What is idea fixation?
Idea fixation can be explained as being too attached to one's own ideas. It's an unhealthy attachment to the idea that you are not willing to give up on, even when there are other better approaches out there.
There are several reasons for this:
- Your personal attachment to the idea could be clouding your judgement and making you less objective about what really works best.
- If you don't give up on that initial solution, you might miss upon a better solution, or you might give up too quickly on a great idea.
- Fixating on an idea can sometimes be a symptom of perfectionism. It's possible you might have been searching for the perfect solution, and once you thought you found it, it became very hard to let go of that idea.
What are the signs of idea fixation?
There are different things that can indicate if you're suffering from idea fixation:
- You don't consider other approaches as real possibilities anymore. You think it's the best approach there is and that no one could come up with anything better.
- You keep coming back to the same solution even though it has been rejected before. You keep thinking there is a way to make it work, and that you just haven't thought of the right approach yet.
- You tend to be dismissive of other people's ideas because you think your solution is obviously better than theirs.
- You don't consider your solution to be a compromise. You think it's the best option there is, and you're not open to other solutions.
How can I get over idea fixation?
It's very natural for us to become attached to our own ideas, but that attachment can blind us from considering alternative approaches. Once you identify the symptoms of idea fixation in yourself, you need to do something about it.
Here are a few steps that could help you overcome this:
- Consider other solutions – even if they're not as good as your initial approach is. You may be able to perfect them or come up with a hybrid version that combines both approaches into one solution. Ask for other people's opinions – don't be dismissive of their ideas. You might not understand how their approach could work, and that means you need to learn more about it.
- Give up on finding the perfect solution – there isn't such a thing as 'the' perfect solution for everything. If you keep searching for it, you'll never be satisfied with anything. Your idea is the best one for you, but it doesn't mean there won't be better ones out there for other people.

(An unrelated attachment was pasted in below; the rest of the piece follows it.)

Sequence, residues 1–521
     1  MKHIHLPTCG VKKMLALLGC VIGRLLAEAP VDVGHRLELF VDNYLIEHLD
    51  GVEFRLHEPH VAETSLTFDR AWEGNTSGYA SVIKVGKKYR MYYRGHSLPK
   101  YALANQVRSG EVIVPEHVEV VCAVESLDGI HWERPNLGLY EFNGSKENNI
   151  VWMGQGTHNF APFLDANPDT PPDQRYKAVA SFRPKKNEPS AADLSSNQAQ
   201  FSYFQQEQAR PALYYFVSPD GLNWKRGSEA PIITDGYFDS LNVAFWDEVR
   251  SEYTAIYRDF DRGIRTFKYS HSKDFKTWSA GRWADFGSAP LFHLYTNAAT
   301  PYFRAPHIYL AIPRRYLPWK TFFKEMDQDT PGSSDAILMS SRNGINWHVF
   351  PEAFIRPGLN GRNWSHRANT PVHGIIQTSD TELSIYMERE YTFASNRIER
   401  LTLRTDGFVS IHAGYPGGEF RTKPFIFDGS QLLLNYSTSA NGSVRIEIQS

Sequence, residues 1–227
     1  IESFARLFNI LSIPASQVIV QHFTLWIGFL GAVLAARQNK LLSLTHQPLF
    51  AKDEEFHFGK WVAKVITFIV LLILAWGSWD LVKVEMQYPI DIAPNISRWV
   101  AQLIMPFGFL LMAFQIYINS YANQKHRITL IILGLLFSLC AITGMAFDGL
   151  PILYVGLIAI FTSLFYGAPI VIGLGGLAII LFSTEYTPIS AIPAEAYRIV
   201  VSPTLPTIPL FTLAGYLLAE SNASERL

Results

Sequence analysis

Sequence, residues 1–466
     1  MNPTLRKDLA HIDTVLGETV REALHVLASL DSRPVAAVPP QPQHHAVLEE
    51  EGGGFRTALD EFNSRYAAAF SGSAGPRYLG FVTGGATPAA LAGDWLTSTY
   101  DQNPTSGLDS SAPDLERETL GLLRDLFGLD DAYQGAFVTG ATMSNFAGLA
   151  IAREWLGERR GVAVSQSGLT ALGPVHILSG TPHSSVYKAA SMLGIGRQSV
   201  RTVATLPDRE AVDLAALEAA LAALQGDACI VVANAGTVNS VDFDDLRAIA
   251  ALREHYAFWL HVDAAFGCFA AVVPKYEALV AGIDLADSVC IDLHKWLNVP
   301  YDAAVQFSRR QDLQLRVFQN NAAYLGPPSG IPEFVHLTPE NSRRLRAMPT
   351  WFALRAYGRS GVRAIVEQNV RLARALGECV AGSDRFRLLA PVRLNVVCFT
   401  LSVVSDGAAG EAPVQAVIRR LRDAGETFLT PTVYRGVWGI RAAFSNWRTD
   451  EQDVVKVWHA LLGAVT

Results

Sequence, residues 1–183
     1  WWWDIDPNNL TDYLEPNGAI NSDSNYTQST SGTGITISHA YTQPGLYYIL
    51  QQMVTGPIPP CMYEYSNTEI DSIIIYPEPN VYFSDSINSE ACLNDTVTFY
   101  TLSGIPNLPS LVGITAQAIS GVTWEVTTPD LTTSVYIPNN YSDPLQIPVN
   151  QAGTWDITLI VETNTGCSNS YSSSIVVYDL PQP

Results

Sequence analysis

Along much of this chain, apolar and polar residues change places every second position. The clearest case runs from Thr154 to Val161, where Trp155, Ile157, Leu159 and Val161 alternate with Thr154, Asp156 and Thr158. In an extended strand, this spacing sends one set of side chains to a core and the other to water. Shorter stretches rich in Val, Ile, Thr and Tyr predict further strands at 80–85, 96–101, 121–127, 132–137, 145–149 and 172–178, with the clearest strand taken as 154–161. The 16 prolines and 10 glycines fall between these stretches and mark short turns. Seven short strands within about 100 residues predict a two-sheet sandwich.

- Let go of your ego – if your solution isn't chosen by others, it doesn't make them wrong. It means you have to search for an even better approach. But don't take it personally. You're not perfect either, and your solution might be the best for you but maybe not for others.
When does idea fixation become a problem?
Idea fixation is a major problem when it becomes so strong that it stops you from looking at and thinking about other ideas. You might be stuck trying to make your original idea work, even though it isn't the best way of doing things. If the concept doesn't work as well as you thought it would, you might not want to admit that and carry on working on it.
When can idea fixation do the most harm?
It's important not to become so fixated on an idea that you completely ignore others because this could lead to time wasted and missed opportunities. Your team members could also become disheartened if they realise nothing they're doing is being taken into consideration, and they could start questioning whether it's worth it.
Some people are so used to being self-centred that the idea of working with other people is completely alien to them. They don't see it as a two-way street where every person has something to offer. This kind of behaviour often leads to isolation, resentment and people leaving the company.
Idea fixation can be detrimental to our mental health. It's hard to constantly worry about one thing for a long period of time without believing in it or seeing any kind of progress with it. If you've been sitting with the same idea for months on end, you might start to develop anxiety, stress and even depression.
How can I help someone with idea fixation?
If you think a colleague has idea fixation, try to approach them in a calm manner. Ask what the benefits of their solution are so they have to explain it's worth instead of just saying why other approaches won't work. If they have strong reasons for thinking that their approach is the best one, you should take them seriously.
Don't force someone to drop their idea immediately. Instead, ask them to imagine if their solution were put into practice. What would happen? How could it be improved? What are the benefits of their approach compared with other ones? You can help them explore other options, and they may feel more open to the idea of taking a different direction.
Don't be afraid of saying 'no'. Sometimes people aren't sure what your opinion is so they'll agree with you just so that you won't challenge them or their ideas again. This means it's okay if someone disagrees with you – as long as you explain your view calmly and clearly.
What can I do to avoid idea fixation?
There are lots of different techniques to help keep your mind open and prevent you from becoming too attached to one idea. Some people like taking breaks away from their work so they can adjust their perspective, while others find it helpful just to talk about their problems with someone else. It could be that writing down or even drawing out your thoughts can help you to see things in a different way, or that you need to talk to someone else and get their perspective.
There are lots of ways to stop idea fixation from becoming a problem for you so you can remain open-minded and flexible in your approach. You might also want to try these techniques with the people around you so they feel less restricted by their ideas and so they can contribute to the discussion instead of just offering one solution.